When I looked in a microscope and saw the dynamics of cellular structures for the first time, I found myself eager to see and learn more and more about the elaborate mechanisms behind the cellular behaviors. I enjoy reading books, eating at new restaurants, and spending quality time with my friends, family and colleagues.
Assistant Professor NINOMIYA Komaki
Mar. 2016 B.Sc., Department of Biology, Faculty of Science, Tohoku University
Mar. 2021 Ph.D., Department of Molecular and Chemical Life Sciences, Graduate School of Life Sciences, Tohoku University
Oct. 2019 - Apr. 2020 Intern, Mechanobiology Institute, National University of Singapore
Apr. 2021 - Mar. 2022 Postdoctoral researcher, Graduate School of Life Sciences, Tohoku University
Apr. 2020 - Mar.-2022 Research fellow, Japan Society for the Promotion of Science (DC and PD)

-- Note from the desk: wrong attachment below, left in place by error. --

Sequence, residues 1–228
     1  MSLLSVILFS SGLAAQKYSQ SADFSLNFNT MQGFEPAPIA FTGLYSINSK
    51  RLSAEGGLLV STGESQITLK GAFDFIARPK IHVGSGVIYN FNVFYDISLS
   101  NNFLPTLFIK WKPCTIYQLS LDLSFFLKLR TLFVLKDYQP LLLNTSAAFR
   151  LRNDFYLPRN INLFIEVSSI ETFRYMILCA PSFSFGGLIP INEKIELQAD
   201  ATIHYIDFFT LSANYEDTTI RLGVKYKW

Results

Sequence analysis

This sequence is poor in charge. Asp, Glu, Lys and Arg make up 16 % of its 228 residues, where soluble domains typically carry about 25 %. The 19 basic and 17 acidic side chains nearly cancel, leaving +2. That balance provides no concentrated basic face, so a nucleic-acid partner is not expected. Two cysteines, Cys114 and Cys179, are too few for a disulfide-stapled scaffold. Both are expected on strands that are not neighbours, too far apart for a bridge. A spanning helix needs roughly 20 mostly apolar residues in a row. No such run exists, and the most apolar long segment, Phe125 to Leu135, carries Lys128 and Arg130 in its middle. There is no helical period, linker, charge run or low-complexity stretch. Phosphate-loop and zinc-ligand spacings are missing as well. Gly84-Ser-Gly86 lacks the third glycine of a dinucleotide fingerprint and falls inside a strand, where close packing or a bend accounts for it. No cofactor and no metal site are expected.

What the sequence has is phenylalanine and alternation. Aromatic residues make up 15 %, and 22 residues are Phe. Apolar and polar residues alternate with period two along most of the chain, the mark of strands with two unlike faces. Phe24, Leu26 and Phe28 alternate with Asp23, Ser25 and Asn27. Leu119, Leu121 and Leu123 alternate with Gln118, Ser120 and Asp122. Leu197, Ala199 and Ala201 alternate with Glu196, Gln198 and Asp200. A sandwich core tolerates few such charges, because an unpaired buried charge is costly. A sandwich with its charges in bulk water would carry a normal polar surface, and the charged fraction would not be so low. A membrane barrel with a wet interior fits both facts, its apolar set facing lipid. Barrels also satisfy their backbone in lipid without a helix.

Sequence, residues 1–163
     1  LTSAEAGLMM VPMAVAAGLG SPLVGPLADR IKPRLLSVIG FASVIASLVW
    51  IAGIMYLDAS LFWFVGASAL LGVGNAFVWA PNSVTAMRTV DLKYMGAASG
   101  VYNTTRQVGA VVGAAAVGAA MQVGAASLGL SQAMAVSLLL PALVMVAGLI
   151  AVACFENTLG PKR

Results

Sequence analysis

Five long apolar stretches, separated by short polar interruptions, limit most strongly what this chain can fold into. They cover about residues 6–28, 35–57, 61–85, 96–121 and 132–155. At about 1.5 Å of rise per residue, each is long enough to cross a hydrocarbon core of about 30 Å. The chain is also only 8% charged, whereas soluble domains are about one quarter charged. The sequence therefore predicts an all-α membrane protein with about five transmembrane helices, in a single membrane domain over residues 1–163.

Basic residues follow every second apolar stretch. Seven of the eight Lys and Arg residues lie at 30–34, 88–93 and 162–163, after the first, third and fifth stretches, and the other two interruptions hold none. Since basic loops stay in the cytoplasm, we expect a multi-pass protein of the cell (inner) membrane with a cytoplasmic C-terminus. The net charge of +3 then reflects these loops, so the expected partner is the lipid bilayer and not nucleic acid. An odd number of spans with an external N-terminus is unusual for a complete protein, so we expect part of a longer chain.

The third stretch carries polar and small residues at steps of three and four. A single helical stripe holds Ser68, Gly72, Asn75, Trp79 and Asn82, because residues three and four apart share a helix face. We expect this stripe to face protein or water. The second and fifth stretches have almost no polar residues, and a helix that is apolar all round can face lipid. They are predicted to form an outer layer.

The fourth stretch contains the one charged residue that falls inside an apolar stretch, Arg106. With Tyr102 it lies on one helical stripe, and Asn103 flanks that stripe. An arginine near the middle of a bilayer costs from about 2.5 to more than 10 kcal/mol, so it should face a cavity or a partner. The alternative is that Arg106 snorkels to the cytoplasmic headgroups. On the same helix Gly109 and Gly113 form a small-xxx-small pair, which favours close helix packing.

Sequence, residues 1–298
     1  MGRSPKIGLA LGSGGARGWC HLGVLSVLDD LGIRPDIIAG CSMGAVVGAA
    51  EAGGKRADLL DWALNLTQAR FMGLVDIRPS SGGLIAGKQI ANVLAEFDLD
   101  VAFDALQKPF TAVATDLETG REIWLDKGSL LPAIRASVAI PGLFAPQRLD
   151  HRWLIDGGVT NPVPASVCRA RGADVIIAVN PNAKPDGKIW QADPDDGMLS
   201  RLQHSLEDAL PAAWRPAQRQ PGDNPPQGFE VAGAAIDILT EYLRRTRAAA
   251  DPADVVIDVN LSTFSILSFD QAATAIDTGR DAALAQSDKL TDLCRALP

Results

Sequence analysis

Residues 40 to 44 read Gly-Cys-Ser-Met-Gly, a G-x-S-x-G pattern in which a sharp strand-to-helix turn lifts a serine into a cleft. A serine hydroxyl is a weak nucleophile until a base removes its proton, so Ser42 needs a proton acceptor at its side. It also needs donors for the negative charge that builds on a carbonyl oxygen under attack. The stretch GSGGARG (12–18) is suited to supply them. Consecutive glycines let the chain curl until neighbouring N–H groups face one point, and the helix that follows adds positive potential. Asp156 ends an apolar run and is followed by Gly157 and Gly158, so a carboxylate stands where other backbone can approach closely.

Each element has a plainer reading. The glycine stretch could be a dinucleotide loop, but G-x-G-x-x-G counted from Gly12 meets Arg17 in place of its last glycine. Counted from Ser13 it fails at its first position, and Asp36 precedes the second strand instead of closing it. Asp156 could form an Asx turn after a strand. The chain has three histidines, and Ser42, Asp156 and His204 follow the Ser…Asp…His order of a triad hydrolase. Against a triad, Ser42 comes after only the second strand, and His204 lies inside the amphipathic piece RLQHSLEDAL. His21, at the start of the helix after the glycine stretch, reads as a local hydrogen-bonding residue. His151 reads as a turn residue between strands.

Apr. 2022 - Present Assistant professor, Graduate School of Life Sciences, Tohoku University
Ninomiya, Komaki, Ohta, Kai, Yamashita, Kazunari, Mizuno, Kensaku, and Ohashi, Kazumasa “PLEKHG4B enables actin cytoskeletal remodeling during epithelial cell-cell junction formation.” Journal of Cell Science, 27;134(2): jcs249078, 2021
|Activities in Academic Societies||
Japan Society for Cell Biology
The Molecular Biology Society of Japan
Japanese Biochemical Society
I studied actin cytoskeletal dynamics focusing on cell-cell junction formation during my Ph.D. course. Cell-cell junction formation is a multistep process that involves actin cytoskeletal reorganization and the regulation of actin-dependent contractility, but the underlying molecular mechanism still has been elusive. I revealed that a Rho-GEF named PLEKHG4B is the novel player in the epithelial cell-cell junction formation, particularly in the step of regulating the contractility during junction maturation. I would like to continue investigating the mechanisms to achieve the dynamic cellular behaviors during tissue morphogenesis in vivo.